And now, nearly 6 months later I can. I think.
One night I had a patient who was a frequent flyer. Not the kind of frequent flyer that has been coming in for the better part of her second and third trimester for labor checks, but one that was actually in early labor and refusing any intervention.
She would come in screaming in pain. She was actually contracting fairly strongly but refused meds, IV, a cervical exam (at first anyway), membrane rupture to help progress the labor etc. So what exactly she wanted from us was a mystery and out the door she went again only to return a few hours later so we could play the same game over again. This went on for days and finally got to the point where I was the only one who hadn't taken care of her so I was up to bat.
At start of shift I figured she would probably be out the door again but at exam she had actually progressed far enough that she needed to stay. She was also screaming bloody murder and not just with her contractions. Constantly.
She said she wanted to get in the tub so I calmed her down long enough to check her again and make sure she wasn't getting ready to deliver. I drew her a warm bath and let her get in. Not two minutes later she is screaming like a banshee again and out she comes. I help her back into bed. The screaming continues.
She is so loud that I can literally hear her down the hallway, in the back of the nurses lounge, in the restroom with the door closed and the water running. The rest of the staff is working hard to reassure everyone else on the floor (who were all understandably freaked out) that this girl is in fact, going to be OK. I am working hard to calm her down.
When I step out of the room to give her doc a call and an update (which wasn't hard to explain her condition since he could hear her screaming over the phone) the mother steps out and says to me angrily, "I think we need some better labor support in here!"
Um lady, your daughter is a freak.
After hours and hours of constant screaming another cervical exam reveals no change and it would seem her cervix is starting to swell. Miss Priss is still refusing any sort of intervention. Finally, a team of us convince her an epidural would be a good idea and we start an IV so we can get the fluid bolus going.
If you labor nurses out there guessed that she wasn't very patient during this process you are correct. I went ahead and paged anesthesia, extremely worried that she would continue to act a fool and the anesthesiologist would refuse to do the epidural. Luckily for me, while she did continue into her seventh hour of ear piercing screams, I think the doc took pity on me and miraculously placed a beautiful epidural in a moving target.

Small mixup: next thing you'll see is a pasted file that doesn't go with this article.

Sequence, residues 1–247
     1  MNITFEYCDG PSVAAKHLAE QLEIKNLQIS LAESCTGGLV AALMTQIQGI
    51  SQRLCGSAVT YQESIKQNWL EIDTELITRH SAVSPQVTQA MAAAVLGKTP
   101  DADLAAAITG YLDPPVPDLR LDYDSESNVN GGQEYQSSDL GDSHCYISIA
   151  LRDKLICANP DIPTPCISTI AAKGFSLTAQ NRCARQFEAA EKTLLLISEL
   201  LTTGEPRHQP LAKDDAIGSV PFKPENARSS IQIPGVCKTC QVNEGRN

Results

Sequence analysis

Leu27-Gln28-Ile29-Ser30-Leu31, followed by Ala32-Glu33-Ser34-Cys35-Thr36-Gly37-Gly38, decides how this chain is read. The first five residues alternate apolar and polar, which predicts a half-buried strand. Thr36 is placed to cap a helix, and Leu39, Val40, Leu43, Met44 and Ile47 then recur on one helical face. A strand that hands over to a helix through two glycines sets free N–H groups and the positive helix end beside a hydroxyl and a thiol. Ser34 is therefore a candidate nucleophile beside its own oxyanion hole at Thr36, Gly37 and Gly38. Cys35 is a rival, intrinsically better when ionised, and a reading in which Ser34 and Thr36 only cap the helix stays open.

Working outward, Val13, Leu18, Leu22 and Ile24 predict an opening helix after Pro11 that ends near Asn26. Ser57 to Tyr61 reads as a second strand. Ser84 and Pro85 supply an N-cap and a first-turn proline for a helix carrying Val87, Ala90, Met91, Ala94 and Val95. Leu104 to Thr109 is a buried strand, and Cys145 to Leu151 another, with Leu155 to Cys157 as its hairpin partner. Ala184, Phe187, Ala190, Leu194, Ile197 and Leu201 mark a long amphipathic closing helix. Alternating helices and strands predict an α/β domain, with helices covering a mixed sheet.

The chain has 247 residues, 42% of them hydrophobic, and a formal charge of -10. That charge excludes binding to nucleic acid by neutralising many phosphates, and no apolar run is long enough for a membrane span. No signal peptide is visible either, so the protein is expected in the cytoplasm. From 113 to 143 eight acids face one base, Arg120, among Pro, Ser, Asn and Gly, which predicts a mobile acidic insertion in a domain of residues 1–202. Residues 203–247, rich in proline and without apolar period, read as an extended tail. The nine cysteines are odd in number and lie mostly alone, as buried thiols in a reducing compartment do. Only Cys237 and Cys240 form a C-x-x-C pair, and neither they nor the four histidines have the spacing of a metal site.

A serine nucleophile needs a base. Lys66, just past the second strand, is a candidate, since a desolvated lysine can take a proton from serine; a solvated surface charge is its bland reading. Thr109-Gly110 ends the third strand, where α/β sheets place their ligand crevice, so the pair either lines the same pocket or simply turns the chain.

Silence. At this point, I fully planned to leave her alone for the rest of my shift since I was worn out, was pretty sure she was worn out and most thankfully, she was sleeping soundly. Unfortunately for me, at about 4 AM her doc rolls in and decides we need to check her. Feck.
She is complete but still at a zero station. He wants to rupture her and start pushing. Me, anticipating what kind of a pusher she is going to be, and knowing the baby has looked beautiful all nights suggests we let her labor down some. I lost.
First push: Good. Second push: Good. Third Push: Good. Fourth Push: "Why isn't the baby coming?"
"This takes a little bit of work with first time moms. You are moving the baby well."
She looses her marbles again. We are back to square one screaming bloody murder. The doc comes back in to assess her. She will still push but you can probably figure not very effectively. Her mom starts screaming, "Why can't you push the baby out by pushing on her stomach."
I don't even dignify that with a response. My patient is yelling "Just cut it out, cut it out!!!". The screaming continues. The poor doc is trying to explain her options but she won't stop the damn screaming. She consents to a c-section which has to be done under general anesthesia because she wouldn't quit thrashing and yelling. Mom is pacing outside the OR in tears because her perfect baby is going to have a scar.
The silence in the OR was magical and as I had to push the baby back up this ladies vagina so that it could be extracted from her abdomen I found myself wondering where it all went wrong. Miss "No intervention" inevitably ended up on the operating table.
In a fitting end, as my patient came to, she was still swinging and I got punched square in the jaw. I look at the clock. It is 7:30 AM and in through the door walks my relief. I have never felt so thankful.
Wednesday, February 6, 2008
And now, nearly 6 months later I can. I think.
Posted by l&d.rn at 11:55 AM